“An old tradition dictates that this is Michelangelo’s head. The famous sculptor, painter and architect had used a ruse to get into the villa and admire the work of his colleague and rival Raphael. When he had finished inspecting the work, he left his card by painting his face in one of the lunettes. Raphael immediately recognised Michelangelo’s hand and did not erase the fresco. It is a good story, but it is definitely not true. The fresco is actually the work of Peruzzi, who also painted the mythological scenes on the ceiling that show the celestial bodies at the time of Chigi’s birth in November of 1466.” Cited from Corvinus
The head in the lunette is currently attributed to Peruzzi. Contrary to what Houbraken writes about Raphael, Agostino Chigi does intervene at times. For instance, he had the nude Polyphemes covered with a blue mantle. Allegedly, his wife was not very fond of a nude, large giant.
This hall was named after Raphael’s fresco for a reason. In a letter from 1514 addressed to Baldassare Castiglione, Raphael comments that he required many other beautiful women to paint this beauty. This clearly has a resemblance to the story about the Greek painter Zeuxis. In that regard, Raphael is a vastly different painter than Caravaggio. Raphael was a child of the Renaissance like Michelangelo. In those days, nature was to be displayed in perfection, as Michelangelo’s statue of David shows.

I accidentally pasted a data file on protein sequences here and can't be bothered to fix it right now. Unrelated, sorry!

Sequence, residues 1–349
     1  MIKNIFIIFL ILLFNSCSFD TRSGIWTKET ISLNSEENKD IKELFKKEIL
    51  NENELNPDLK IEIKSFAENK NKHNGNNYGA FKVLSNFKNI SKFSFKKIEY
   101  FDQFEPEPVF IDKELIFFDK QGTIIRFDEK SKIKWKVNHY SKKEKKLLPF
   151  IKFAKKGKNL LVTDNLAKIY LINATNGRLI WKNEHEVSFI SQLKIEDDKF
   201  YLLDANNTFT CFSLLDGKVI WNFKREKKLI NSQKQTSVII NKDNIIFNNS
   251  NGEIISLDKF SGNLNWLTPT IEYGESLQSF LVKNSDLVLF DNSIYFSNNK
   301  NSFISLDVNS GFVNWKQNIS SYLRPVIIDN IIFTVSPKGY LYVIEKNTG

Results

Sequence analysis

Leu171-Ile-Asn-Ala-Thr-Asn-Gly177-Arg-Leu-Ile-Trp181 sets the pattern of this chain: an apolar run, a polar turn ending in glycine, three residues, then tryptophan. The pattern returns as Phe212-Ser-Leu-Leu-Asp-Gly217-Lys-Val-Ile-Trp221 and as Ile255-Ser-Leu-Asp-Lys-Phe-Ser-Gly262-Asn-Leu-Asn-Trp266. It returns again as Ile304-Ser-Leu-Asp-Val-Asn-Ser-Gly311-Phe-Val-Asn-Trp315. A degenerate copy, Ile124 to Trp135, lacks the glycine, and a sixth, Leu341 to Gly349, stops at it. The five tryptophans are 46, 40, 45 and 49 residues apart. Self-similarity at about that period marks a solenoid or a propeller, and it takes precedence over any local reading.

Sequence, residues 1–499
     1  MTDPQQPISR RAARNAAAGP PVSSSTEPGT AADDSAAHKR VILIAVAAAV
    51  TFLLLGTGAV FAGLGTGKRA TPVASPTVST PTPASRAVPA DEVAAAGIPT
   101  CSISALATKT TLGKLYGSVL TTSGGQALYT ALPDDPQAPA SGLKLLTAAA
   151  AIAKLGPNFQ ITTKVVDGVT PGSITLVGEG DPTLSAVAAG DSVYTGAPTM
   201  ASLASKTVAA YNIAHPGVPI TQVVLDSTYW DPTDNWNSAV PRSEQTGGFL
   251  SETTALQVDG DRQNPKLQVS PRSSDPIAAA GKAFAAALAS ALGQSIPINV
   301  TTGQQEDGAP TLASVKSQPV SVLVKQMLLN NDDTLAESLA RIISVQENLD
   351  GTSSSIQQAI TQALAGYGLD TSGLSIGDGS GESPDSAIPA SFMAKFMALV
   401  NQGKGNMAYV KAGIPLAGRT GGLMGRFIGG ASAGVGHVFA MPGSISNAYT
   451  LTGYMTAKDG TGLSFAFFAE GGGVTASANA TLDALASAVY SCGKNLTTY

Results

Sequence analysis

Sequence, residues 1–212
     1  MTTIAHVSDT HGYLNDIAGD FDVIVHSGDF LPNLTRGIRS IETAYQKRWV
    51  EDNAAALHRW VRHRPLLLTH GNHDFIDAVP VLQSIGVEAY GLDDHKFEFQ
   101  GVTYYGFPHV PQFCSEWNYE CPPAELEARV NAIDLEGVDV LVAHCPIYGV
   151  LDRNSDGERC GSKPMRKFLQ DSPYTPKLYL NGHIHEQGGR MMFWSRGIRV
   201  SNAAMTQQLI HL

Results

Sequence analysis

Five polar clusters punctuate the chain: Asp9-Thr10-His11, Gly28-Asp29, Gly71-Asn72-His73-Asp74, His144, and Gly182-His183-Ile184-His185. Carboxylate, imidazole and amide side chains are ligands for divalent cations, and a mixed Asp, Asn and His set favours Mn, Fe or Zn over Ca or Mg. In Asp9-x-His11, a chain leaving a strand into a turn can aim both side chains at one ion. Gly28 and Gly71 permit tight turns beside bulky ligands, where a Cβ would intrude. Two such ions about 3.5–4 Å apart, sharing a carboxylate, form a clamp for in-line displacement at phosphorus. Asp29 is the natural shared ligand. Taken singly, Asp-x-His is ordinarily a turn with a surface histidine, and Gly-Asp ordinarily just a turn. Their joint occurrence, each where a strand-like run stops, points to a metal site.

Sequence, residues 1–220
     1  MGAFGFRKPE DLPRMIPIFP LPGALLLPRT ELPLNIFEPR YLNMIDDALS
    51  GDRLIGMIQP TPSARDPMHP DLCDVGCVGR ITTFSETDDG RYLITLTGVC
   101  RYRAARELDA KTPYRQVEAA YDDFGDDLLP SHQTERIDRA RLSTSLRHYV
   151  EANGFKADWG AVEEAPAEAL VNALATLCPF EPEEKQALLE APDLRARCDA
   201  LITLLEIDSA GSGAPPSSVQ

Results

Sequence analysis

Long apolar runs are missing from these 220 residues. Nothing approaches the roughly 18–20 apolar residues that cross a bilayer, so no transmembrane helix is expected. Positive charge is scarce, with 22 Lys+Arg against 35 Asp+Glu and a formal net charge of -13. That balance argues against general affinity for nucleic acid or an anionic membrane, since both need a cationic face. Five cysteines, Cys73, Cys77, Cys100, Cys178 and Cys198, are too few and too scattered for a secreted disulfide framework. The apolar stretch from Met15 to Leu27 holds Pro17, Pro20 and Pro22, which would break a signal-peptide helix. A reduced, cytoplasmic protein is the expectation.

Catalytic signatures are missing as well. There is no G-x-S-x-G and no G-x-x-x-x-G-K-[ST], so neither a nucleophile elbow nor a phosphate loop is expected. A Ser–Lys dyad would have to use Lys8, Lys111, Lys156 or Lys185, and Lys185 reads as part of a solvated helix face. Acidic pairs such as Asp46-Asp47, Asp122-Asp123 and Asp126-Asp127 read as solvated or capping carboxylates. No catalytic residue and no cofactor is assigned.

Raphaël placed the face of Galatea in the dead centre of the image. She is pulled along, standing on a shell, by two dolphins. Her body is displayed in a rather complex contrapposto. The stance is far from being realistic if you imagine being dragged along the waves on a small shell. Looking at the composition, you will see it is made up of various diagonals. For instance, pay special attention to the cupids with their readied bows and arrows. The arrow of the left angle continues into the reins used by Galatea to steer the dolphins. The arrow of the other angel continues into the harassed woman: a water spirit. The tritons to the left and right blow their horns to announce Galatea’s arrival. Raphaël’s final work in this hall was admired by all. But it was not so obvious to make, because in those days…